I love it. It's a simple fix, that if deployed correctly, can cut right to the people who actually care about these things.

I don't know if these are intended to be installed in seats (I hope not - they'd be rife with abuse from some of the people patrons complain about) but if a patron can choose to pick one of these up at the lobby, or the door of the theater, I think it would go a long way towards silencing some of the most common complaints.

I've always felt like the people who complain about things like cell phones, the people they sit next to, and other things related to the experience are a vocal minority. And on top of that, they're complaining about a few instances that are by no means representative of the majority of moviegoing.

Now, if they have a venue for voicing their complaints (provided, they actually get dealt with), I think people will begin to speak more reasonably about it. It's the feeling of being trapped and helpless that is the biggest contributor, here, I think. If there's actually something that can be done, people might decide that it's worth it to tolerate whatever minor annoyance rather than go through the trouble of picking up a radio device at the box office.

Additionally, I like the idea of a way for people to notify the projectionist about things like sound and focus. I know that I always care about these things (but never want to leave my seat and miss part of the movie). Very sensible. What more can you ask for.

There are a lot of ways to go with this. Obviously cell phones are like a dirty word in theaters, but being able to use any device (i.e. text messaging) to notify the theater about problems would be nice. It might even be workable with proper signage around the theater lobby.

Wednesday, August 02, 2006

Multiplex Labs

Reading Mark Cuban's response to his own call for suggestions on how to make going to the movies better has renewed my interest in an idea that I tossed around a few months back (but I don't think I ever included in my blog).

At one point, I thought this might be an interesting way to see if it would make more people go to the movies, but I don't think the difference in price will actually make it so that attendance is affected significantly.

But anyway, the idea is this: What if everything about a movie-going experience was sold at a variable price. The quality of the movie, the time, the distance you sat from the screen, the amount of time you actually sat in the movie. Even if this idea didn't serve to bring in more people, I think it would be totally interesting to see answers to the following:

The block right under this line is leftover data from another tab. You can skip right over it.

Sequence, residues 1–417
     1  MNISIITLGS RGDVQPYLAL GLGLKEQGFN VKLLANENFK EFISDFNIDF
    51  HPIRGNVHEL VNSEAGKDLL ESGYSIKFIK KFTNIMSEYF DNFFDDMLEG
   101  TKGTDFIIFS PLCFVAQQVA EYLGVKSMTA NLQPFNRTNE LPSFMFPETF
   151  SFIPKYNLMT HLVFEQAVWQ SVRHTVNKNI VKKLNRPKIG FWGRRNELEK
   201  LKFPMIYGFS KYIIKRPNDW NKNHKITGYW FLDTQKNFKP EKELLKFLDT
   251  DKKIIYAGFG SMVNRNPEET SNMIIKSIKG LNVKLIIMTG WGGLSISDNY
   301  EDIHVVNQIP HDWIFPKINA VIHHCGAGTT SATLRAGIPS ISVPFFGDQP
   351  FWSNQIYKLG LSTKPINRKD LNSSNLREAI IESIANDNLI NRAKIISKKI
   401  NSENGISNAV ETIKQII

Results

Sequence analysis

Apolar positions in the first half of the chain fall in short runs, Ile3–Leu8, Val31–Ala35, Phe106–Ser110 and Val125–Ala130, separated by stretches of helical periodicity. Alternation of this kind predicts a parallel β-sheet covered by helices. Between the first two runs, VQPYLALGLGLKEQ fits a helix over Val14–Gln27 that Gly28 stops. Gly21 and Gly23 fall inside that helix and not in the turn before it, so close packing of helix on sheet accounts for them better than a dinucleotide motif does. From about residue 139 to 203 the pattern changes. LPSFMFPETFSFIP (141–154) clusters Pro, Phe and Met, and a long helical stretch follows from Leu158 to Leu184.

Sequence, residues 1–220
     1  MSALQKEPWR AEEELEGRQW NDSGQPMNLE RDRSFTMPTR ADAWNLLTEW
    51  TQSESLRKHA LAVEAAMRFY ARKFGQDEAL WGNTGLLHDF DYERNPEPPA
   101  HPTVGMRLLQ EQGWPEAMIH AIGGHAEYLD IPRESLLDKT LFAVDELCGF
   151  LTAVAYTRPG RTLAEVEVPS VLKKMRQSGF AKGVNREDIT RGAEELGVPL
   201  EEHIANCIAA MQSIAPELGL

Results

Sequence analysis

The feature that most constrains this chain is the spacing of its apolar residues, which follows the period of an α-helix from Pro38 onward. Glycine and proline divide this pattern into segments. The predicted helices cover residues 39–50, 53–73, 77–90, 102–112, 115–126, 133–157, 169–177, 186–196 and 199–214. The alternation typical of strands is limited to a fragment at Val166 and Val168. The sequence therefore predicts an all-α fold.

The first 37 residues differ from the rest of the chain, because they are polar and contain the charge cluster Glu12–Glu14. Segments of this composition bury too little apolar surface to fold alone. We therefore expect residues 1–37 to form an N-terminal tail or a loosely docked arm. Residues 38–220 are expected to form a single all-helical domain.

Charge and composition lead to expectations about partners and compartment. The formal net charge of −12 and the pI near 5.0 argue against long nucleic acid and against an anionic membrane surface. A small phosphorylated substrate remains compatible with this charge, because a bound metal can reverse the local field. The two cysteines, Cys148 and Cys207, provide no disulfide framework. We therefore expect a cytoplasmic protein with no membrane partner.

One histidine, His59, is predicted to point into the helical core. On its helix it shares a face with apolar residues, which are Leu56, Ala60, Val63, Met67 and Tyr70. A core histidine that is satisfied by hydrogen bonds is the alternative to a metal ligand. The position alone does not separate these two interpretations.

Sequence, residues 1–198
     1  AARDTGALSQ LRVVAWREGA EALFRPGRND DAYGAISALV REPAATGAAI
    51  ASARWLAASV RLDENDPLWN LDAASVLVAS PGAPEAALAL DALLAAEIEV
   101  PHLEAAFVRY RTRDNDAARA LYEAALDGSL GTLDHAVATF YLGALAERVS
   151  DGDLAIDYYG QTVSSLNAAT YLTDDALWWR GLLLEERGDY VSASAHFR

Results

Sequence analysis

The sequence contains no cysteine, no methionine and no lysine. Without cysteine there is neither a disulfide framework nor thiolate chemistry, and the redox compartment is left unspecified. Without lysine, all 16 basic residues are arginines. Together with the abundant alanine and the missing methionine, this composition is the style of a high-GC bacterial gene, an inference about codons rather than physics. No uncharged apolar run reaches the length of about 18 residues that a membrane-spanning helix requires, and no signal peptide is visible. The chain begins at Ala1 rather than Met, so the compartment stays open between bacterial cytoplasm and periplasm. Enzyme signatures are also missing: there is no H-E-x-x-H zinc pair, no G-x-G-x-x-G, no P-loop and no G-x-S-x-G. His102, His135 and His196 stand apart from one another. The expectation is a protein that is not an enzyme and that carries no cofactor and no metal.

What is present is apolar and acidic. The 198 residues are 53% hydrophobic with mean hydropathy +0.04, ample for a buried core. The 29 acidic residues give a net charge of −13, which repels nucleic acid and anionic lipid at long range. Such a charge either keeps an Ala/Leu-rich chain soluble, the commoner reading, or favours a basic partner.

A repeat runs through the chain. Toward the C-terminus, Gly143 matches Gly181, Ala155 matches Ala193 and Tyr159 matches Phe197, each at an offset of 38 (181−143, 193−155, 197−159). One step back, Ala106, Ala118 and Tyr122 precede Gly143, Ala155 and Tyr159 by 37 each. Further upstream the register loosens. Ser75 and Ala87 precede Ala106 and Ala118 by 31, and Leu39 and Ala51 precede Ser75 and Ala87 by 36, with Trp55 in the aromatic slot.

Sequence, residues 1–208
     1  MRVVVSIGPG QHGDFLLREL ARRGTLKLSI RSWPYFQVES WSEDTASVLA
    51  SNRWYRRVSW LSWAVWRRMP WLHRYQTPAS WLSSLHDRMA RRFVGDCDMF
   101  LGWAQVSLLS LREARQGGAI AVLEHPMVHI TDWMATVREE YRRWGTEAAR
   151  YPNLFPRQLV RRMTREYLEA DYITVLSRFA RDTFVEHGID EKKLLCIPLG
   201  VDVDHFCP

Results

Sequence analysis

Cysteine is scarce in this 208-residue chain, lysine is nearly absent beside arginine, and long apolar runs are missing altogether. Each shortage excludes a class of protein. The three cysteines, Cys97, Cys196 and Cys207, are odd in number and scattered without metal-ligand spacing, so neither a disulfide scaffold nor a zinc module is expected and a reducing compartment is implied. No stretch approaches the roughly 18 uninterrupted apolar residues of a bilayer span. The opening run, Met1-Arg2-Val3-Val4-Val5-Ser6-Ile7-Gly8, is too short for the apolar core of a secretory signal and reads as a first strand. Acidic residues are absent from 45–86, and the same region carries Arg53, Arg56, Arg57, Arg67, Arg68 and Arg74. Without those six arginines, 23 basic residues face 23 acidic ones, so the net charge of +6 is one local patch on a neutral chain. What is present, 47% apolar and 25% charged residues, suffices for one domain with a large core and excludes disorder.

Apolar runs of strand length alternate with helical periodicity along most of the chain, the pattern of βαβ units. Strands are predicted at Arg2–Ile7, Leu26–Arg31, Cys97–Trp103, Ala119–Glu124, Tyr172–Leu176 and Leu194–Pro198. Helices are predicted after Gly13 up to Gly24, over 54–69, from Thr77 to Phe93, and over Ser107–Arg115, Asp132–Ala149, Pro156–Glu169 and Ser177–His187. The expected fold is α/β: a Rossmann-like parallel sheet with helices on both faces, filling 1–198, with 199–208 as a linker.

-if people could pro-rate their experience would they cut their losses during movies they didn't like and try a different movie?
-if people could exercise more control over their situations, would they generally be happier?
-would the selections of the people in this setting be a truer indicator of box office success (or maybe DVD sales projections) than current metrics?
-would the pricing for movies that people walked out of halfway through eventually eat into ticket sales that are currently sunk costs when people walk in the door?

(I suppose another interesting extension of this would be to find a way to tally a box office figure minus the people who would have wanted their money back - maybe the intersection of people who watched the movie, but didn't buy the dvd, or the people who bought the dvd, but then sold it -- come to think of it, that's a really good idea. Do people track this? This could probably be done more accurately by selling DVDs along with the movie.)

Just to note, this would be very hard (but very cool) to set up. I envision a card reader in every seat that marks your personal data-card of some sort with all of the day's viewing history. This info would be useful for countless other things... I must have written about this before.

If I ever get to be in charge of a theater, the mad scientist in me just might make a showing.